Photo Information

Decorated motorcycles honoring fallen Marines lined up to start the first Heroes Ride.

Photo by Sgt. Kimberly Leone

Chicagoland Marines spotlighted during weeklong celebration

13 Nov 2005 | 9th Marine Corps District

November 10, 2005 marked the Marine Corps’ 230th birthday. Marines here celebrated with Chicagoland Marine Week Nov. 6 - 13.

The celebratory week was designed to unite the Marine community—past and present—in Chicagoland—and spotlight the Corps in area communities.

“We just built on a great idea,” said Sgt. Kimberly Leone, event coordinator and Recruiting Station Chicago's Marketing and Public Affairs Representative. “And it was a huge success from the perspective of community awareness. We had more than 60 communities including three counties and the state of Illinois officially proclaim Marine Week.”

Area Marine veterans, Marine reservists, and Marine recruiters supported the official proclamation ceremonies at council and board meetings in their areas of responsibility. According to Leone, this is an excellent way to open doors for the Corps to community influencers and assets.

“Because of Marine Week, more recruiters have had the opportunity to meet, face-to-face, some of the decision makers in the communities where they recruit,” Leone said. “The whole week serves to remind our communities that the Corps and her Marines are still here and serving proudly.”

Marine Week kicked off Sunday, Nov. 6, with the Heroes’ Ride and Heroes’ Rally.   Local businesses and area motorcycle clubs united for this motorcycle ride from the northwest suburbs through Chicago and out to the southside of the city. More than 200 motorcyclists braved a cold, windy Chicago morning to celebrate the Corps’ birthday to generate support for Wounded Heroes, a non-profit organization for veterans wounded in Iraq and Afghanistan.

“The ride was a huge success especially for the first time out,” said Tom Maloney, president and founder, American Firefighters Motorcycle Club and Association and lead organizer of the Heroes’ Ride.

Maloney responded to an e-mail from Leone asking for assistance and guidance from “every Chicagoland motorcycle club whose e-mail address I found on the Internet.” Along with numerous Marine Corps Leaguers, Marine reservists, and Key Volunteers, Maloney helped make Marine Week a reality, Leone said.

“Without all the volunteers and incredible support from the veteran community, Marine Week is little more than a great idea and a piece of paper,” Leone said.

No sooner had they cleaned up from the rally, they rolled into Monday and a birthday commemoration at Daley Plaza in downtown Chicago. The commemoration featured Lt. Governor Pat Quinn, along with representatives from Cook County and the city of Chicago.

“We need to make sure that every week is Marine Week,” said Quinn. “The United States Marines have been there for us as a nation for 230 years. The Marines are fighting for our democracy and our freedoms. I am proud of the service that each and every Marine from our state is demonstrating day in and day out.”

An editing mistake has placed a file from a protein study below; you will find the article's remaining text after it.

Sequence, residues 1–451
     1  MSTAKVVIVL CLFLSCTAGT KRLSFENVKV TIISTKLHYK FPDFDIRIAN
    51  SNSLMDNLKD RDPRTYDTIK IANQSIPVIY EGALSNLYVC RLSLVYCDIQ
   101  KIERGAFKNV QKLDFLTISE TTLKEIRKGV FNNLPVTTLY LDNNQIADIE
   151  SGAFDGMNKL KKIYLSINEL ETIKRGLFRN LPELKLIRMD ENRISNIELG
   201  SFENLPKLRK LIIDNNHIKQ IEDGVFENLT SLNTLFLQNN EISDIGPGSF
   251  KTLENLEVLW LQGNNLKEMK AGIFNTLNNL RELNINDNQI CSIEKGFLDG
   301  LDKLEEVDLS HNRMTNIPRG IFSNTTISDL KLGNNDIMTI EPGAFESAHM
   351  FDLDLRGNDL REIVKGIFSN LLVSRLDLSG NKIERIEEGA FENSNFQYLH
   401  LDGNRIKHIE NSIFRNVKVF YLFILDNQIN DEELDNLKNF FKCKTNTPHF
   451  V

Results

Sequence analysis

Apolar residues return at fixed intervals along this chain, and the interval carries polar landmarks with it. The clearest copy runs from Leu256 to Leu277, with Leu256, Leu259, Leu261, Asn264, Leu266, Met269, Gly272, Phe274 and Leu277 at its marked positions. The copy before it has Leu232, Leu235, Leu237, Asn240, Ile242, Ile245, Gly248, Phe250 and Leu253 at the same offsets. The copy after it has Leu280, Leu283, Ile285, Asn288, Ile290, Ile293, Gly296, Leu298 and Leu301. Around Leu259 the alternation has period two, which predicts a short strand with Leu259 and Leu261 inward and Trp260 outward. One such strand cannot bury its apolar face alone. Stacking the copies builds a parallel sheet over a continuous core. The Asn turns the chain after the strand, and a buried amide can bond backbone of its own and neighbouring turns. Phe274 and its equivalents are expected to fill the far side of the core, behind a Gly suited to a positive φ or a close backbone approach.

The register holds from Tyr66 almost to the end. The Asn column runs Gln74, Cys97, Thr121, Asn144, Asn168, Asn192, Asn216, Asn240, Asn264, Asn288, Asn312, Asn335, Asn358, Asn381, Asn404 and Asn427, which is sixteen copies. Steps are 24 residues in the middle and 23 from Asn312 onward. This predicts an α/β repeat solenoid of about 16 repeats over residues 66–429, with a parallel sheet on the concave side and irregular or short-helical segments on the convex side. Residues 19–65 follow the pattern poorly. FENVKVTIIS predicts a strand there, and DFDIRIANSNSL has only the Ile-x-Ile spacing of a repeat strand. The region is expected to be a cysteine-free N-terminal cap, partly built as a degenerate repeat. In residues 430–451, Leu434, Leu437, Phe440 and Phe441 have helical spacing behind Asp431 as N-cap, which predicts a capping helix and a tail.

Eileen Byrne, a local radio newscaster, emceed the well-attended commemoration ceremony that garnered television and radio coverage. Byrne also interviewed Leone on her daily radio broadcast on Tuesday to publicize Marine Week activities and say “Happy Birthday” to the Corps. The USO troupe provided all ceremonial music.

“While the commemoration ceremony is short and sweet, it has a lot of moving parts and involves many VIP and protocol issues,” said Leone. “The reserve units, the USO, and the government offices working through the Marine veteran community came through in a big way getting the proclamations and bringing out support from folks like the lieutenant governor.”
On Tuesday, active, reserve and veteran Marines went to area middle schools and high schools to give presentations about their military experiences in the Corps or on the history of the Corps.

On Wednesday, Chicagoland’s Marines stuck to tradition. The tradition of “Once a Marine, Always a Marine” was displayed as veterans, reservists, and active-duty members visited medical facilities and retirement homes to present formal cake-cutting ceremonies for Marine veterans.

“It was great to see the smiles on the faces of the older Marines,” said Sgt. Hugo Gonzalez, after driving the District’s Event Marketing Vehicle to the Jesse Brown Veterans Administration hospital in Chicago to participate in a cake-cutting ceremony. “It’s important that we take the time to let them (veterans) know they are truly still a part of the Corps.”

Thursday, the MCCC hosted the first Chicagoland Marine Corps Birthday Breakfast at the Union League Club of Chicago. The event attracted more than 160 attendees and featured guest of honor, Lt. Col. Mark Smith, the commanding officer of 2nd Battalion 24th Marine Regiment when the unit deployed to Iraq last year. Smith presented a Bronze Star Medal with combat device to Sgt. Ramon Bejarano, who earned the award while serving with a Lejeune-based unit.

Following the breakfast, the United States Postal Service unveiled the new Marine Corps stamps featuring four heroes from the pages of Marine history. Marine reserve units provided representation and a color guard.

Friday, the city of Chicago dedicated the Vietnam Veterans Memorial in front of a crowd of more than 1,000. Maj. Lance Jackola, RS Chicago commanding officer, was in the ceremony, which featured a Marine color guard and Vietnam veterans from every service branch.

Saturday, the Marines from Lake County, Ill., invited everyone to attend the Tom Grosvenor Memorial Marine Corps Birthday Toys for Tots Breakfast. The event attracts more than 200 attendees and typically collects more than 1,000 toys and more than $5,000 for the Toys for Tots program.

“And on Sunday, we slept,” Leone said, laughing.
9th Marine Corps District